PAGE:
Annals of the Van Rensselaers in the United States: Especially as They Relate to the Family of Killian K. Van Rensselaer...
C. Van Benthuysen & Sons, 1888 - 241 pages
Kiliaen Van Rensselaer (d.1646) received the family patroonship along the Hudson River near what later became Albany, New York, but it is doubtful if he ever visited New Netherland. He lived in Amsterdam, Holland, The Netherlands, and directed the establishment and management of the patroonship. His son, Jeremias Van Rensselaer, replaced a temporary administration under his brother Jan, and Jeremias married Maria Van Cortlandt in 1662. Descendants and relatives lived in New York, Louisiana and elsewhere. Includes ancestry and genealogical data in The Netherlands.
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Page 176 - Labuntur altis interim ripis aquae, Queruntur in silvis aves; Fontesque lymphis obstrepunt manantibus, Somnos quod invitet leves.
Page 10 - I will be compelled to pass through the winter without butter and other necessaries, which the ships did not bring with them to be sold here. The rations, which are given out and charged for high enough, are all hard stale food, as they are used to on board ship, and frequently this is not very good, and there cannot be obtained as much of it as may be desired.
Page 157 - All this, and more endearing still than all, Thy constant flow of love, that knew no fall, Ne'er roughened by those cataracts and breaks That humour interposed too often makes; All this still legible in memory's page, And still to be so to my latest age...
Page 239 - Given under my hand and seal, this day of , in the year of our Lord , at , in the [county] aforesaid.
Page 18 - ... first, at the time of the English encroachments, in order thereby not to afford any pretext for firing and destroying their properties; and, having always paid more attention to their particular affairs than to the Company's interests, New Amsterdam was found, on the arrival of the English frigates, as if an enemy was never to be expected. And, finally, that the Director, first following the example of heedless interested parties, gave himself no other concern than about the prosperity of his...
Page 155 - So May climbed on the silken knee, And grandmamma told her history : What plays she played, what toys she had, How at times she was naughty, or good, or sad. " But the best thing you did," said May, " don't you see ? Was to grow a beautiful grandma for me.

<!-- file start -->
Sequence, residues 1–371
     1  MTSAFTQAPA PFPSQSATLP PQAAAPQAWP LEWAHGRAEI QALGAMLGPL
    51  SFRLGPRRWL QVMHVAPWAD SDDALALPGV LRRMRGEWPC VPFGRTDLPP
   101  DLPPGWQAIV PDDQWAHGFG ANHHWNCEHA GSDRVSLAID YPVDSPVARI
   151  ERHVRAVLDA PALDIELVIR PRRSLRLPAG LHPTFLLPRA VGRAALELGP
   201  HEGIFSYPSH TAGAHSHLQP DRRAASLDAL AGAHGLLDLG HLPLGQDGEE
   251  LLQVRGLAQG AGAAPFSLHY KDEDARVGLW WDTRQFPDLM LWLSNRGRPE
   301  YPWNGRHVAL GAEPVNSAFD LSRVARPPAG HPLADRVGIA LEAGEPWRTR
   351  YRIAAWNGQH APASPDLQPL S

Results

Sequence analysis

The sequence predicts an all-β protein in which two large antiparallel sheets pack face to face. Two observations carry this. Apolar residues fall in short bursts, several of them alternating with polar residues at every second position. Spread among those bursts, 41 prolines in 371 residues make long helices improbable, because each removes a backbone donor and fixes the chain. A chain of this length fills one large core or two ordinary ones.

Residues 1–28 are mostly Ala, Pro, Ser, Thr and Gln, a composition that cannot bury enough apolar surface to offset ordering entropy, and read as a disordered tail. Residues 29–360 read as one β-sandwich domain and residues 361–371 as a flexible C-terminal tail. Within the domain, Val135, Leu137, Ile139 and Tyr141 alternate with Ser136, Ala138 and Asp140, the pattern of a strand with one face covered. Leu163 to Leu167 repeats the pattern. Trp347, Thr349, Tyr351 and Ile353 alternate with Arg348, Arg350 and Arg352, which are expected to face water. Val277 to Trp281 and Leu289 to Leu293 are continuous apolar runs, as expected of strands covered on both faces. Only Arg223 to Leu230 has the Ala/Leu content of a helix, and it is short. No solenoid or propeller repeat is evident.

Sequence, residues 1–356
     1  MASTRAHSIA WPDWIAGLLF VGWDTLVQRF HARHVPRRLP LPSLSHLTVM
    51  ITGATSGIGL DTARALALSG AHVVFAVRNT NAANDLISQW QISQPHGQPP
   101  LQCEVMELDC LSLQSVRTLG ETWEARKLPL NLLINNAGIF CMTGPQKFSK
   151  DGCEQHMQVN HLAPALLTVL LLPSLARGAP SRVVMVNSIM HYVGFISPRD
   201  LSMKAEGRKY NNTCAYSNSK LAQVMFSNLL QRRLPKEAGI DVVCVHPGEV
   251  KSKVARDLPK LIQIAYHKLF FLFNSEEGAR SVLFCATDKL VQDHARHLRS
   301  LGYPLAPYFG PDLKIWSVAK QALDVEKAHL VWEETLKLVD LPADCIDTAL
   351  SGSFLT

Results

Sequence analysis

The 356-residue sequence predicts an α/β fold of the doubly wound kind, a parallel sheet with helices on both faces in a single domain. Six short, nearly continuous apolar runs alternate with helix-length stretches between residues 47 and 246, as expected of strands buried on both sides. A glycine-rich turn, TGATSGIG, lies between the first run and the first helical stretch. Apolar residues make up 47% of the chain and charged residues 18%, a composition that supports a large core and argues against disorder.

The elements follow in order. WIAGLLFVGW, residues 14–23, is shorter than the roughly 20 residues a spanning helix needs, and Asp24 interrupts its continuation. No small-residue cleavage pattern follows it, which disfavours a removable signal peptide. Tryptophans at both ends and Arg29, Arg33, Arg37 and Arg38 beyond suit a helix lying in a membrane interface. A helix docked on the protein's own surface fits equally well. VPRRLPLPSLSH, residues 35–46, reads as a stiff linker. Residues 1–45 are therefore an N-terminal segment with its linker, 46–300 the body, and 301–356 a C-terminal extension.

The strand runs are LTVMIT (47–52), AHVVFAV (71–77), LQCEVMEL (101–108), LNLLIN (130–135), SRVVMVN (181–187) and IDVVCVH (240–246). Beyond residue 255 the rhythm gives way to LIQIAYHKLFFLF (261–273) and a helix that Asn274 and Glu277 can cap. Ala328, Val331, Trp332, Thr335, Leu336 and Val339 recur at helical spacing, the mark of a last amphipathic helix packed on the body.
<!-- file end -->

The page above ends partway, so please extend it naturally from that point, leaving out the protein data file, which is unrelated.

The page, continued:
Page 155 - May looked long at the dimpled grace, And then at the saint-like, fair old face ; " How funny," she cried, with a smile and a kiss, " To have such a dear little grandma as this ! Still," she added, with a smiling zest, "I think, dear grandma, I like you best.
Page 10 - ... and wants more. The expense would not trouble me, if an opportunity only offered ; as it would be for our own accommodation, although there were no profit from it (save that the Honorable Managers owe me as much as the value of a free table) ; for there is here no refreshment of butter, milk, etc., to be obtained, although a very high price be offered for them ; for the people who bring them and bespeak them are suspicious of each other. So I will be compelled to pass through the winter without...
Page 155 - The Grandmamma opened the box, and lo ! A beautiful child with throat like snow, Lip just tinted like pink shells rare, Eyes of hazel, and golden hair, Hand all dimpled, and teeth like pearls, — Fairest and sweetest of little girls. " Oh ! who is it ? " cried winsome May, " How I wish she were here to-day ! Wouldn't I love her like everything ; Wouldn't I with her frolic and sing! Say, dear Grandmamma, who can she be?" " Darling, " said grandmamma,
Page 9 - ... the sailors themselves ; and that by reason of a wicked cook who annoyed them in every way ; but especially by reason of the captain himself, who, although I frequently complained of it in the most courteous manner, did not concern himself in the least about correcting the rascal...